Jacob Eby clock at the de Young museum

Earlier this year, I started researching my family’s history. I knew very little about my ancestors, other than that I was the fifth Richard Klau in the family, and that the first Richard Klau came to the United States from Germany in the 1850s. After pursuing a number of branches of the family tree on Ancestry.com, I’d hit a couple dead-ends, one of which was my paternal grandmother’s line. I couldn’t find any information on her mother’s ancestors, so I asked my grandmother whether she had any info that could help me out. She sent me some sheets of paper that another relative had compiled several years ago, and one of those included a sheet listing her grandparents.

Ancestry.com “leaves” indicate possible info about ancestors

If you’ve ever used Ancestry.com, you know about the leaves that display on an individual’s record when Ancestry.com thinks it has information that might be helpful for you. In my case, the minute that I entered my grandmother’s grandmother’s name, Ancestry.com went nuts – eventually leading me back another 6 generations. Sophronia Eby, it turns out, is part of a rather remarkable family line. She is a direct descendant of Theodorus Eby, one of the first Mennonite settlers in Pennsylvania in the early 1700s. His sons emigrated to Canada, where they founded the Mennonite community.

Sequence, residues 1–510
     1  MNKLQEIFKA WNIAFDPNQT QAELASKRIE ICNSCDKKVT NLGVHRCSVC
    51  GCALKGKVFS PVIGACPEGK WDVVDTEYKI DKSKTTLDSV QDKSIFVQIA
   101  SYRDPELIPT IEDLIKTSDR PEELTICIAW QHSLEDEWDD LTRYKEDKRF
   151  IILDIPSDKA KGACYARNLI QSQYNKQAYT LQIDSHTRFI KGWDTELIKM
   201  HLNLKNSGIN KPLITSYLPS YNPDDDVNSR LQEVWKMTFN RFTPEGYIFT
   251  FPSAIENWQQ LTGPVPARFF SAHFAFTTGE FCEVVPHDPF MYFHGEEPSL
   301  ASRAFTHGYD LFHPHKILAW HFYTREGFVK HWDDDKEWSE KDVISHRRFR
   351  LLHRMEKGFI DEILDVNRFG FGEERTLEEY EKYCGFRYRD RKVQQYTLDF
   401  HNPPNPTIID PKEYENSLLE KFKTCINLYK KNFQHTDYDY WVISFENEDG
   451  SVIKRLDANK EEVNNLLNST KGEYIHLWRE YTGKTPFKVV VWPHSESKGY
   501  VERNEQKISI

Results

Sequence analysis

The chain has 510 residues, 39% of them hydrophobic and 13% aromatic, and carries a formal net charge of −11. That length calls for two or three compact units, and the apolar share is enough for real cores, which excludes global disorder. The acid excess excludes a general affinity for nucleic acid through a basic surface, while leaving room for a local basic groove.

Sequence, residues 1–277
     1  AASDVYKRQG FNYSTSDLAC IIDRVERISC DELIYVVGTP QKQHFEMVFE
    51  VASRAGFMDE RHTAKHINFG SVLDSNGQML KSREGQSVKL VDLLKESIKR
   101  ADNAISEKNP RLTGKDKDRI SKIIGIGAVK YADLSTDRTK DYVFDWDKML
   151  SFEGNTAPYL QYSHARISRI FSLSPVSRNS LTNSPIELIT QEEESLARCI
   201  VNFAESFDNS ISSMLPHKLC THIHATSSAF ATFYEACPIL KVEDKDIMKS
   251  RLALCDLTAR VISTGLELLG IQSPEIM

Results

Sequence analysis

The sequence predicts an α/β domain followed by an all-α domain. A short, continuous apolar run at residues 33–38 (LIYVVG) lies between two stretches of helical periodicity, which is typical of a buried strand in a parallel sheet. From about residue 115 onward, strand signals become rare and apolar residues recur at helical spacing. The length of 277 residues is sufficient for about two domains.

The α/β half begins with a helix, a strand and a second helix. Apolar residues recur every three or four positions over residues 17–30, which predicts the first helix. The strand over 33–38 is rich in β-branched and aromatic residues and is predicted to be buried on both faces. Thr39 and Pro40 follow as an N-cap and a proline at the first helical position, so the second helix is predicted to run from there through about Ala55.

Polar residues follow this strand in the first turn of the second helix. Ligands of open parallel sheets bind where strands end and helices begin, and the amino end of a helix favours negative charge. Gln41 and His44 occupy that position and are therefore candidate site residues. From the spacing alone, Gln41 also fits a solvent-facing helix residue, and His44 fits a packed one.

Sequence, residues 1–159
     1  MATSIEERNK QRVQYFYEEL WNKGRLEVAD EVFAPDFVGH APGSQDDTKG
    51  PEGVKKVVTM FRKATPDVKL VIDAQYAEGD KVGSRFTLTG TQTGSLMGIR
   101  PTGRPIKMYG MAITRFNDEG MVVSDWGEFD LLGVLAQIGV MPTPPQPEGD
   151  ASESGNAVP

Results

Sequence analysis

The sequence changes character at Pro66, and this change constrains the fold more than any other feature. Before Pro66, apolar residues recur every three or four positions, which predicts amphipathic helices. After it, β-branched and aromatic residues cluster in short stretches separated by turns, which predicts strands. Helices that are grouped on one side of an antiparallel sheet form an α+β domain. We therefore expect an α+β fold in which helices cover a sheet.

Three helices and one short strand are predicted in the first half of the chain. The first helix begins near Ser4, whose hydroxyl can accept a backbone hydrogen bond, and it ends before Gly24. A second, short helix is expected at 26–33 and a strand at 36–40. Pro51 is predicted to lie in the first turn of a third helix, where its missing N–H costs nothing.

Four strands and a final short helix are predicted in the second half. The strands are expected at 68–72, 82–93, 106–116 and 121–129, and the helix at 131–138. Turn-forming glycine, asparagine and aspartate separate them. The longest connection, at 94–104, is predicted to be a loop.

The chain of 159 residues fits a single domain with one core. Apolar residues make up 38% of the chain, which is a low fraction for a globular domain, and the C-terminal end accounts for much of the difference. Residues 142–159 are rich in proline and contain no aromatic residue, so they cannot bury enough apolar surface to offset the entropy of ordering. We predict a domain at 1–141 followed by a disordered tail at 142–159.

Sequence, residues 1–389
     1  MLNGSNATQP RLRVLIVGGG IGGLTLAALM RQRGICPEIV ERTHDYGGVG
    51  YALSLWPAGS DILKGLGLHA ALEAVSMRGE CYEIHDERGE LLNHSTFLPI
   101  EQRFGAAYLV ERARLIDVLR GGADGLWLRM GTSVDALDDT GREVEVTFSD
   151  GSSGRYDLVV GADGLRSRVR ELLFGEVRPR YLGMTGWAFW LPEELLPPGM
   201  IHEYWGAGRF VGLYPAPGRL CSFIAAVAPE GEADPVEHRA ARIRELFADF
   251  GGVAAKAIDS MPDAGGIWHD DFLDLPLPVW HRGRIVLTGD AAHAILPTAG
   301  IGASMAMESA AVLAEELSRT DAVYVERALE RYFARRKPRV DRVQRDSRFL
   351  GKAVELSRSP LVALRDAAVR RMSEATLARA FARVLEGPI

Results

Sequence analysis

Theodorus’s great-grandson, Jacob Eby, was a clock-maker in Pennsylvania. I discovered this after finding a website dedicated to Eby descendants, where the woman who maintains the site mentioned that she has a Jacob Eby clock in her house. I did some research about his clocks (on a separate blog I keep focused on the family tree), and was stunned to find that another Eby original is on permanent display at the de Young museum in San Francisco.

We went to the de Young today, and it was a thrill to find the clock on display. Here I am with my kids, Jacob Eby’s 7th- and 8th-generation descendants:

Jacob Eby clock, at the de Young Museum
The clock face is really fascinating, and I’m hopeful I can learn more about it:
You can make out Jacob Eby’s name on the face, right above Manheim (he lived in Manheim, Pennsylvania). The inner-most circle on the face appears to track the day of the month, while the dial at the top of the clock might be tracking seconds. Here are a few close-ups:


The final detail is in the clock base, which is a beautiful mahogany wood base. Inlaid in the wood is this eagle:

I wasn’t quite sure what to expect when I started researching my family’s history. Finding such a beautiful piece of work, made by someone I’m directly descended from, is a thrill.